20Qs up for grabs. rainbow, a tombstone, a tattoo and a wig. If, for some reason it can’t guess the right answer then it asks an additional five questions, guesses again and finally will admit defeat – but that scenario doesn’t occur very often! To be in with a chance of winning one of these great gadgets simply think up the most original answer which fulfils these genuine 20Q questions: 1. Can it fit in an envelope? No. 2. Does it weigh more than a duck. Yes. 3. Does it make sound. Yes. 4. Is it visible. Yes. 5. Is it comforting. Unknown. Email your answer to: cfreeman@brookeweston.org by the closing date of Friday 13 January. Good luck.

Dates for your diary 9 January 10 January 17 January 26 January 3 6 7 21 3

February February February February March

Term 3 starts Exam period starts Parents in Partnership Committee Meeting 7 PM Year 10 parents’ consultation evening Trustees AGM, Governors’ meeting Governors’ report to parents Year 7 and 9 photographs Exam period ends Year 8 parents’ consultation week Year 8 parents’ consultation evening Parents in Partnership committee meeting 7 PM Term 3 ends

Charity totals

Thanks to everyone who has contributed to our various charity events and collections over the 2004/5 academic year. Brooke Weston staff and students have managed to raise over £7,300 for various good causes. This included a massive £3,400 response to the tsunami appeal as well as cash raised for those causes a little closer to home, such as the Lakelands Hospice and the Air Ambulance.

THREE BROOKE WESTON students are practising hard for their next big challenge – taking their places in the Under-15 squad for the county. Year 10 students, Alex Phillips, Aaron Davies and Alex Parker were successfully selected for county level after undergoing two trials and will join the 18-strong squad for their first match, scheduled for the new year. The trio, who are also friends, are passionate about football, playing in local teams as well as at school. Alex Parker plays centre forward for Brooke Weston and has scored four goals in recent College matches, but will take on the role of goalie at county level. ‘To be a good goalie you have to be agile and practise jumping and stretching’ he said, adding that a lot of early experience has stood him in good stead for this role. ‘My elder brother David encouraged me a lot. He’s a good footballer and he always used to practise and put me in goal – so all those hours spent playing back then have really paid off now.’ Midfielder, Alex Phillips, is also a very experienced footballer, being in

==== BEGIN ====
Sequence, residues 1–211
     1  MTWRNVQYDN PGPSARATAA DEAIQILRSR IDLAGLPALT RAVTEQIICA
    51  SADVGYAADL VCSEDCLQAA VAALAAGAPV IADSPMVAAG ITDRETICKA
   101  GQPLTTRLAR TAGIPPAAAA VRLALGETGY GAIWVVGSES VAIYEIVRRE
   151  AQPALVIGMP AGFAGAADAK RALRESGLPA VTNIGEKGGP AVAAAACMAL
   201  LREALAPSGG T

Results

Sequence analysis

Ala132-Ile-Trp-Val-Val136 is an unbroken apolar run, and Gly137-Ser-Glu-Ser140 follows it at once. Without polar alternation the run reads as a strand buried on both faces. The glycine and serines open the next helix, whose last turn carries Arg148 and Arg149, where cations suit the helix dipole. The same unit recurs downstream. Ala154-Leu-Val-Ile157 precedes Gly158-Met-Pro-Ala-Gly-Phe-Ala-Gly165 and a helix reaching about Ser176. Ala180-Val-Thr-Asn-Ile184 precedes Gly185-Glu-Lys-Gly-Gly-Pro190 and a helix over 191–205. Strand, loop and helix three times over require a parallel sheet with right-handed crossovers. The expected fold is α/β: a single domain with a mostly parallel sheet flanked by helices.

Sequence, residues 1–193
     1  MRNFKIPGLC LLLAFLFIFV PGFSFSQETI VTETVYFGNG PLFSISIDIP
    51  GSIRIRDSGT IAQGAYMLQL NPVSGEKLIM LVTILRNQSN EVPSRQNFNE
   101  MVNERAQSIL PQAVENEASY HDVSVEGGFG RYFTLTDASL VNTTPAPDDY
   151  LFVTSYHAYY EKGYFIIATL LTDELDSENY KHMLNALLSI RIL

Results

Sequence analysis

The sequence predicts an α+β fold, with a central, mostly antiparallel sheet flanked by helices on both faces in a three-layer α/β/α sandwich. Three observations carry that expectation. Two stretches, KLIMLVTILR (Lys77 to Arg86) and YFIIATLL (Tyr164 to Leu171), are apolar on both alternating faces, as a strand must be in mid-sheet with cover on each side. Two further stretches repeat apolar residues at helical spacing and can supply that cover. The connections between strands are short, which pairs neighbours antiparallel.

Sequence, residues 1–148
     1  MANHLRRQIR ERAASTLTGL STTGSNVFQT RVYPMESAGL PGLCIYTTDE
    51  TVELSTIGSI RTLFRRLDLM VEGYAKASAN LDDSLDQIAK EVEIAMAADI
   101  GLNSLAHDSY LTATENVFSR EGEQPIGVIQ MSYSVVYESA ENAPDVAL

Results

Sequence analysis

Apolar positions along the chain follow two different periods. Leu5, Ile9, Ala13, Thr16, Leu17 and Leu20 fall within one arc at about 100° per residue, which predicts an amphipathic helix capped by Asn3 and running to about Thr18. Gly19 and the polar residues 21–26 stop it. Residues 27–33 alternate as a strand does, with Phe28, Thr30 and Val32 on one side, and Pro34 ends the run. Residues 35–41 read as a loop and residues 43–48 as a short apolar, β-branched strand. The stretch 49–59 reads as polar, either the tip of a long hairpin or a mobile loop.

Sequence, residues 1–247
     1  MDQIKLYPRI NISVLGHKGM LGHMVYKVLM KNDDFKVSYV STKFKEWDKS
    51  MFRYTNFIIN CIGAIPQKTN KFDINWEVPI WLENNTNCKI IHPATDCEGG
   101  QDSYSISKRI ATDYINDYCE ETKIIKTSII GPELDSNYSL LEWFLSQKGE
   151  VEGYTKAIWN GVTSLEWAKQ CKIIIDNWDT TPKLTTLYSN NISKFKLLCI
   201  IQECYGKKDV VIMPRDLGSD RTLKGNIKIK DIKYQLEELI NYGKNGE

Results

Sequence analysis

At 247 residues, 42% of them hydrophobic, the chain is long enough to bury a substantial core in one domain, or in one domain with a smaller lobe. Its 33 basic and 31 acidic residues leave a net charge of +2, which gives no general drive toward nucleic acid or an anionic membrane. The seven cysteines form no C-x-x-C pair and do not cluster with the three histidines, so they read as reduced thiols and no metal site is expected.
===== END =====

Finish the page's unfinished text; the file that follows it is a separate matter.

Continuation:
Aaron Davies, Alex Parker, and Alex Phillips. the middle of a two year contract for Rushden and Diamonds and he ‘lives and breathes’ football. ‘A midfielder needs to be fit and have good ball control, good passing and team work skills’ he says. Aaron who has played since he was about eight has a family advantage as his dad, Glyn, is manager of Corby Hellenic Under-15 team! Aaron says ‘Football is just fun, it’s a great buzz ... you just forget about anything else when you play.’

The students are looking forward to the challenges of playing county level football, but all three are setting their sights even higher, hoping one day to join the major league clubs – with Alex Parker’s ambition to play in goal at Arsenal and Alex Phillips and Aaron Davies both setting their sights on Liverpool glory. Good luck lads!

KEEPING IT IN THE FAMILY! BROOKE WESTON student, Tara Wright is delighted that she has been selected to play for the England Under 17 rounders team, but it’s not that unusual given that virtually her whole family plays the sport as well! Tara, who started playing rounders four years ago, is definitely following a family tradition; her aunt plays backstop for the England adult team, her two cousins coach a squad in Kettering, her father and sister both play and her mum has been known to umpire a few matches! Tara had to undergo a gruelling eight hour trial before being selected and was whittled down from a group of 32 applicants to take her place in the 12-strong national team. Tara who is a bowler, will start practising with the rest of the England squad at the end of December to ensure she is ready for the season which runs